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Initiatives to Fight Cancer

According to the American Cancer Society (ACS), cancer is the second-highest cause of death in the United States. In addition, nearly 2 million people are diagnosed with some form of cancer annually. The battle with cancer can be long and leave diagnosed individuals weak in both the financial and medical realm. Though there are more than 100 types of cancer, the top three most common cancers across gender and race are as follows:

  • Prostate cancer – Prostate cancer is the second leading cause of cancer-related deaths in men. Every year, 1 out of 9 men are diagnosed with prostate cancer and 1 out of 41 men die from it.

  • Breast cancer – Breast cancer is the second leading cause of cancer-related deaths in women. Every year, 1 out of 8 women are diagnosed with breast cancer and approximately 41,760 women die from it.

  • Lung cancer – Lung cancer is the leading cause of cancer-related deaths in both men and women. Every year, 1 out 15 men and 1 out of 17 women are diagnosed with lung cancer, and an estimated 142,670 people die from it.

Although cancer can’t always be prevented, it can be detected early, before it becomes an overwhelming financial and medical burden. Fortunately, early detection of cancer can potentially minimize those costs for your employees and your business.

Activities and Programs

The signs and symptoms of cancer are not always obvious to those who are undiagnosed, so early screening is important. Here are four programs that your business can implement to help your employees be proactive in identifying cancer.

  • Provide education to your employees about the benefits of cancer screening and recommendations for when to get screened.

  • Include these screening recommendations in a larger discussion about the importance of preventive care and recommended screenings.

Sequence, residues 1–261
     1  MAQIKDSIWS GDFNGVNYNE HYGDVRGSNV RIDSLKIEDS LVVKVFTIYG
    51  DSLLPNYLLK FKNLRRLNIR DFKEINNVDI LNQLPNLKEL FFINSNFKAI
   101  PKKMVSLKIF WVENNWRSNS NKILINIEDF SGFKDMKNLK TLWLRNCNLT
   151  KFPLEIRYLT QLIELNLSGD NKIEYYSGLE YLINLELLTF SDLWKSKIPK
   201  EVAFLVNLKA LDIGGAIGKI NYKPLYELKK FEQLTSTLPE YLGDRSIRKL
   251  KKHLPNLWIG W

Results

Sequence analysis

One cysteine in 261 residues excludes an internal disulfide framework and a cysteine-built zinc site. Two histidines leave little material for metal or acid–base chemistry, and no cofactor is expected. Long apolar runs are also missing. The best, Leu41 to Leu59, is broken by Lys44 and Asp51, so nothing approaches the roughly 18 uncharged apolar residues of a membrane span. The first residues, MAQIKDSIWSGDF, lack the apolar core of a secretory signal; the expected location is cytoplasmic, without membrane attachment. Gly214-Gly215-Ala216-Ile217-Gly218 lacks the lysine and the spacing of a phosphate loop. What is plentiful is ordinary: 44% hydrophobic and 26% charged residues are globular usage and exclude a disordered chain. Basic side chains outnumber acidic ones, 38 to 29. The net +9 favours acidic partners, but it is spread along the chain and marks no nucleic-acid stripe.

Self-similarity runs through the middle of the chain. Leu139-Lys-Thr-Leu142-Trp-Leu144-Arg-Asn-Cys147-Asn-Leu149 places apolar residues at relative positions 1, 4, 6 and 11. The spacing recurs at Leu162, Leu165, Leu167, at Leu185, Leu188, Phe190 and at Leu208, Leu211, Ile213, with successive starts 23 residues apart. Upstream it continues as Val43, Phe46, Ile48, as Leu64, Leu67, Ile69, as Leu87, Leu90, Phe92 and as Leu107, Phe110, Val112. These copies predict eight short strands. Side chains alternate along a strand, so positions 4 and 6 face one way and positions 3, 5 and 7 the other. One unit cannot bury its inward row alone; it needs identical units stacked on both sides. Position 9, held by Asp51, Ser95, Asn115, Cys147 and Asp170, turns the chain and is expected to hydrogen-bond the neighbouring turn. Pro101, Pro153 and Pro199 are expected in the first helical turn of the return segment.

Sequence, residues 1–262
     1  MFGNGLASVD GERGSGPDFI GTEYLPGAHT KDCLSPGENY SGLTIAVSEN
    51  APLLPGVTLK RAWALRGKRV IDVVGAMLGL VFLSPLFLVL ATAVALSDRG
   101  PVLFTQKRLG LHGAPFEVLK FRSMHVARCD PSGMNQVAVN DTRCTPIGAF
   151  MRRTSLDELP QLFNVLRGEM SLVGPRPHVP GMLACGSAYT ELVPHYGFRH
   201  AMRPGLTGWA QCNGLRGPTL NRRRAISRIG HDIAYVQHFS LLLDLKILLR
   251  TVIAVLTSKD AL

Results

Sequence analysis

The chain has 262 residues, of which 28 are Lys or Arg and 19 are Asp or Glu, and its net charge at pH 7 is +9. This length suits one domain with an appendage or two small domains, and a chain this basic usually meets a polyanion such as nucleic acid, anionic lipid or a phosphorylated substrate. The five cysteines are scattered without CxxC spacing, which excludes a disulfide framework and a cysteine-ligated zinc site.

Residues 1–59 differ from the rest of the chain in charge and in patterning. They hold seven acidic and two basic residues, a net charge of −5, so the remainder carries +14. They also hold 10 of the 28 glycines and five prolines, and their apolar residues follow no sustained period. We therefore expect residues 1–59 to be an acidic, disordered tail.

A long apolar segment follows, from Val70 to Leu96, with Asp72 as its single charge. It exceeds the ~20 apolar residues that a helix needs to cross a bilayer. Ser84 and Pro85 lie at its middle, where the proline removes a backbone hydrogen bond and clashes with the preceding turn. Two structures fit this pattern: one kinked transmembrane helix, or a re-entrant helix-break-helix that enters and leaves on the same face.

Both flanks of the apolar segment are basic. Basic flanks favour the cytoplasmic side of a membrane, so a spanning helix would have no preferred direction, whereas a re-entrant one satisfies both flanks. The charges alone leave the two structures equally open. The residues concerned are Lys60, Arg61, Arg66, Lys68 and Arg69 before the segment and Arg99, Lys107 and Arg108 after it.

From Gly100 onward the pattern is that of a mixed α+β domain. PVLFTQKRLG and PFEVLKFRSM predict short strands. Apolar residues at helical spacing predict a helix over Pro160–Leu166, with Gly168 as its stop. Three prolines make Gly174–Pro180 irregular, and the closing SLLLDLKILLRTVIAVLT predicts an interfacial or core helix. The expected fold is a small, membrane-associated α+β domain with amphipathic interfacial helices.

• Communication methods could include brochures, emails, traditional mail, posters and telephone reminders. For more information, contact Allegeant LLC.

  • Emphasize the necessity for patients to seek a diagnostic follow-up and treatment as needed.

  • Offer flexible work schedules so employees can take time to get the necessary screenings and to attend doctor appointments.

  • Set up on-site screening services, if possible. For instance, mobile mammography vans can provide convenient screening for women during the workday.

  • Ask your health plan carrier to send reminders to employees and providers when patients are due for a recommended screening. Patient reminders also provide a good opportunity for education on the health benefits of screenings.

Proactive Behavior Can Save Lives and Money An estimated 14 million Americans are currently living with cancer, and nearly a quarter of them will lose their battles. The most effective solution to treating cancer is early detection. By encouraging your employees to get regularly screened and tested, they can live healthier, fuller lives, and your company can minimize health coverage costs.


This article is not intended to be exhaustive nor should any discussion or opinions be construed as legal advice. Readers should contact legal counsel or an insurance professional for appropriate advice.

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